COMMENTARY: We need Singapore Airlines (SIA) to survive because of its importance to the development of Changi Airport as a global air hub.
In his essay "Revisited: The importance of Singapore Airlines", Faizal Yahya argues that the airline still needs to survive because of one key reason: the importance of its existence to Changi Airport's development.
- SIA has a multiplier effect on Changi Airport which in turn has its own multiplier effect for various industries in Singapore.
- As such, SIA must integrate digitalisation within its services, and transforming its business model among other things, to survive.
- The airline should also expand its cargo services and cooperate with other airlines.
Faizal Yahya is a senior research fellow at the Institute of Policy Studies at the Lee Kuan Yew School of Public Policy in the National University of Singapore.
By Faizal Yahya
Singapore Airlines is vital for Changi Airport and its development
Much has been written about the need for Singapore Airlines (SIA) to survive. But at the very core lies one key reason – the importance of the airline to Changi Airport and its development as a global air hub.
A vibrant air hub is vital not only for the aviation industry but related industries as well, such as supply chain and logistics, transport, tourism, hospitality, retail and F&B.
According to the International Air Transport Association (IATA), the air transport sector in Singapore directly employs 119,000 people and indirectly supports 78,000 jobs from its suppliers. As part of the multiplier effect, the spending of wages from aviation sector employees contributed to a further 26,000 jobs. In addition, the flow of foreign tourists’ spending at the air hub supports another 152,000 jobs.
In 2019, the airport served 68.3 million passengers, handled more than two million metric tonnes of air freight, and managed 382,000 aircraft movements. Foreign airlines use Changi for the connectivity that SIA affords to various destinations.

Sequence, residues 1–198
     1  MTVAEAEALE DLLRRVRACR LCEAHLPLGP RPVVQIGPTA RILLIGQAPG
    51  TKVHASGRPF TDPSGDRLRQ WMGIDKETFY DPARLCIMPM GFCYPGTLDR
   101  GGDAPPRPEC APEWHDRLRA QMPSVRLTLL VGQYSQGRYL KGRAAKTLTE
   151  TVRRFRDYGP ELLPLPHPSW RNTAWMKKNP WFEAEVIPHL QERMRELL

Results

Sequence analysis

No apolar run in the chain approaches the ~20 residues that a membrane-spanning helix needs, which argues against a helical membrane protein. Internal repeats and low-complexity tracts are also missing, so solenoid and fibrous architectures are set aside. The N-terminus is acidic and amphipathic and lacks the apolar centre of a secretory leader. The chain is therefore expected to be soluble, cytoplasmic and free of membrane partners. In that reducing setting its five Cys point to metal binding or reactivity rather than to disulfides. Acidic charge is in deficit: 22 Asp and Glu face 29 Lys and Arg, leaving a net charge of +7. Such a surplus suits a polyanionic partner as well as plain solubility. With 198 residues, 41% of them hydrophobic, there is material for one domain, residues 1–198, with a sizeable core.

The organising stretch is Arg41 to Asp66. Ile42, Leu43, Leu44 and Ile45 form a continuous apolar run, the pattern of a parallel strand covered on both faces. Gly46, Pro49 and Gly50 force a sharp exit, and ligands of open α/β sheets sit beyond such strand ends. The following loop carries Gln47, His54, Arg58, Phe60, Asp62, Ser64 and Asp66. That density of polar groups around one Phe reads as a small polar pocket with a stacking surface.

Prior to Covid-19, the SIA Group accounted for 55.1 per cent of total seats departing from Changi, (SIA--34.6 per cent, Scoot – 12.9 per cent, and SilkAir – 7.7 per cent). Singapore depends on SIA retaining its core capabilities and financial viability.
In terms of employment alone, the role of the SIA Group is prominent. As of March 2020, the group, including SIA Engineering, employed more than 28,000 staff. More importantly, SIA is a key component of Changi Airport's development as a global air hub.
Digitalisation is an opportunity for SIA amidst the Covid-19 pandemic
Covid-19 has accelerated disruption in the aviation sector.
However, there are opportunities amidst challenges. These include ramping up digitalisation, adopting innovative measures and forging new strategic partnerships.
SIA is increasing automation, digitalisation, greater data exchange and analytics to enhance safety, efficiency and the comfort of passengers.
For example, in the Maintenance Repair and Overhaul (MRO) aviation sector, the Internet of Things (IoT), cyber-physical systems, cloud computing and other technological assets will revolutionise Singapore’s capabilities as a leading MRO provider that accounts for 25 per cent of Asia’s MRO revenue and 10 per cent of global output.